And the loving descriptions of the adult female characters are, despite multiple disclaimers from Candy, the fantasies of an adult male: “Kim could serve as judging standard for California Golden Beach Girls…Slim, willowy, long-legged. Waist-length natural Swedish-blonde mane…Pact with Devil not uncommon result when mortal female encounters Kim’s type” (166); “woman entered…tall, marvelous figure…waist-length ponytail” (200).

Analog Magazine, January 1981
Analog Magazine, January 1981

Palmer also indulges in the lightly scatological. He dwells with uncomfortable frequency on bodily functions, with a special fondness for the Foley catheter. These particular interludes do not advance the plot in any appreciable way. I can only imagine these various details were an attempt to keep this from being lumped in with juvenile fiction.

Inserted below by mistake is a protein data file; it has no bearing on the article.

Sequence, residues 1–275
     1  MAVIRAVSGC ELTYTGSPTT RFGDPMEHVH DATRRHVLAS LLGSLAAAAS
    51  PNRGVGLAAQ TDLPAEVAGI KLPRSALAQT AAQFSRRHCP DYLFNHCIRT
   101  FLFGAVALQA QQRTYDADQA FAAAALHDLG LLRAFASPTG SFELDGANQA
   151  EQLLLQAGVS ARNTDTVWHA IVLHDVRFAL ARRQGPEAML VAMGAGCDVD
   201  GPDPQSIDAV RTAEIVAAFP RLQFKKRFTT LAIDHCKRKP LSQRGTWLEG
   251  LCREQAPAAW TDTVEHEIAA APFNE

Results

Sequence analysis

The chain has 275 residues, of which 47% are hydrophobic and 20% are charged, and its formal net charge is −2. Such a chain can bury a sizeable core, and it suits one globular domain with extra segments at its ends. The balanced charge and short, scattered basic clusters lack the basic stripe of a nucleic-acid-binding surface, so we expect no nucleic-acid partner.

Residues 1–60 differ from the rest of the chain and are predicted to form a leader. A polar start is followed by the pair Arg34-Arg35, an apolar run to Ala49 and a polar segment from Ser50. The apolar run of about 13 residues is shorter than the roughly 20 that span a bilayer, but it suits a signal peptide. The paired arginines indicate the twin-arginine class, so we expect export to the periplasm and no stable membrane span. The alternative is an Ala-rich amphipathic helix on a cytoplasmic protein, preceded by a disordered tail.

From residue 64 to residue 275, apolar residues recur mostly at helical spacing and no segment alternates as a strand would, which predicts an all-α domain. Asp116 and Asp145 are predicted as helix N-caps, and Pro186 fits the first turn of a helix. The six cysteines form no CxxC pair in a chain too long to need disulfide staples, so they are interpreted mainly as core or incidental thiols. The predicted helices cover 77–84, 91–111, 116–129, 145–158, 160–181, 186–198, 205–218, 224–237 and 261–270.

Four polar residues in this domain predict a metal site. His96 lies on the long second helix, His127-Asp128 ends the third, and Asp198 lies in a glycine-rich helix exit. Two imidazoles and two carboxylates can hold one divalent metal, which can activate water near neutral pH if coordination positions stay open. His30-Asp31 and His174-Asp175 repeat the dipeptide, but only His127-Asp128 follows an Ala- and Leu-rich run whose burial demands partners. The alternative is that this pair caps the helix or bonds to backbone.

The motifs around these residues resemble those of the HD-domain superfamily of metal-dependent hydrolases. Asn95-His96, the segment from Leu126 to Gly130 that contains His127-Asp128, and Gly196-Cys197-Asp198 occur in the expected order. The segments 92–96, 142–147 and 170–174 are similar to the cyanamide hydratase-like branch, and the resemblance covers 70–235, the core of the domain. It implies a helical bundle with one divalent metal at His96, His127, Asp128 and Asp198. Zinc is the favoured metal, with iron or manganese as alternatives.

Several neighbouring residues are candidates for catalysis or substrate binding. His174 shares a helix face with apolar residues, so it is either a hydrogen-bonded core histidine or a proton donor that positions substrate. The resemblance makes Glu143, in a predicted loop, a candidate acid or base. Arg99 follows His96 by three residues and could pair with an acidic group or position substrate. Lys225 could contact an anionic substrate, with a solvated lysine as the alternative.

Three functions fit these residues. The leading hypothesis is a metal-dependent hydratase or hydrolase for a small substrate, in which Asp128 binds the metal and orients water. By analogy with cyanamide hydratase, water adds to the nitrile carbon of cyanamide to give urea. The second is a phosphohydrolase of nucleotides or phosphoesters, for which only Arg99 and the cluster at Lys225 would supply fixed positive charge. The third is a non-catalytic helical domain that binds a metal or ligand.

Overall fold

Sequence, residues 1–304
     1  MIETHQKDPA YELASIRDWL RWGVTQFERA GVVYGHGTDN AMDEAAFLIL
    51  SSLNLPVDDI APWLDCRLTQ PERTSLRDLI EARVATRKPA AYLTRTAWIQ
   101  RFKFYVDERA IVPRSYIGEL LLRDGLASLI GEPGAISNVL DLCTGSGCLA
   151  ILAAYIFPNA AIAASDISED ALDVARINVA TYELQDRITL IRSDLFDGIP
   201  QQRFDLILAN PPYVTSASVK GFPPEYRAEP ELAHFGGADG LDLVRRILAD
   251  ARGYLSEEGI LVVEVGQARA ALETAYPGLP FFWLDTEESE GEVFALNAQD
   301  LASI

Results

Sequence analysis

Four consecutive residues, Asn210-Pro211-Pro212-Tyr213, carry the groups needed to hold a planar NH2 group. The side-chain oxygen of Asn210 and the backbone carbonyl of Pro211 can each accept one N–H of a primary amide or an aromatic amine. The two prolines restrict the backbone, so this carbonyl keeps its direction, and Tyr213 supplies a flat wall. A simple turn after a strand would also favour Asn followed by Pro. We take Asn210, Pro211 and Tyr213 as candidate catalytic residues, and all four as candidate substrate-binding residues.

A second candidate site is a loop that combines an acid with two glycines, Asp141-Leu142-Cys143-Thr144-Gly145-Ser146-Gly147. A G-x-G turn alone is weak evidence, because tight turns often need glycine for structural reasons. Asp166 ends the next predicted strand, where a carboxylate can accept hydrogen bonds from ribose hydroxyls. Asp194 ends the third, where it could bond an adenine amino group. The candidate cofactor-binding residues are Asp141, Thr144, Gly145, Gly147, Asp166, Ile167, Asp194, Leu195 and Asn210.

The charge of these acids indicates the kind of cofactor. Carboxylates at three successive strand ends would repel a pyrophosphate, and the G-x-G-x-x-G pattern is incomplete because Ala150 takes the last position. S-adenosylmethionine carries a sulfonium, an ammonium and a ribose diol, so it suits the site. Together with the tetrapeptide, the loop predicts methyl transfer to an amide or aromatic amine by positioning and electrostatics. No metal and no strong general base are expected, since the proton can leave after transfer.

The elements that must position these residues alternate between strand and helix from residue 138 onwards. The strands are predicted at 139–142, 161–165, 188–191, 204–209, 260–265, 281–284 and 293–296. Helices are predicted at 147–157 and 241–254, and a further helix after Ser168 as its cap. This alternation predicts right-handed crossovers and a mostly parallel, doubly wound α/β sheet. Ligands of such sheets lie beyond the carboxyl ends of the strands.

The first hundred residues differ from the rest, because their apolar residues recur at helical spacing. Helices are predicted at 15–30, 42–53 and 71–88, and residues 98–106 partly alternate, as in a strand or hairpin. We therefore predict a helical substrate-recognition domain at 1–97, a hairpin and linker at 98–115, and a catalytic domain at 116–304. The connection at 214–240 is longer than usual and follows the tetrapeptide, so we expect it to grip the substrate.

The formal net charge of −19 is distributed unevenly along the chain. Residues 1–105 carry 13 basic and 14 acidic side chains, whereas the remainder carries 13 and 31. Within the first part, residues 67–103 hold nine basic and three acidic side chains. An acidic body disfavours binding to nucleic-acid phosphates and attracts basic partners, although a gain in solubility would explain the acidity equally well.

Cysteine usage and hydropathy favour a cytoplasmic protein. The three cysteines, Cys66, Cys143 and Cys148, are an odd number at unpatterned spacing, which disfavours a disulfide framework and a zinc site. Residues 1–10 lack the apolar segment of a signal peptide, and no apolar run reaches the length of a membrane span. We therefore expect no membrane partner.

Emergence will always be a book I remember fondly, but I doubt I will ever come back to it. While I was happy to read it again after all this time, in the end it didn’t, really couldn’t, hold up for me. Emergence is an easy way to pass a few hours, an exciting and well put together but ultimately shallow story that has moments of what struck me as trying too hard. Candy wasn’t the girl I remembered. Best to leave her where I found her, thirty years in the past.

E.A. Ruppert contributes book and media reviews for NerdGoblin.com.  Thanks for checking this out. To keep up with the latest NerdGoblin developments, please like us on Facebook , follow us on Twitter and Pinterest, and sign up for the NerdGoblin Newsletter.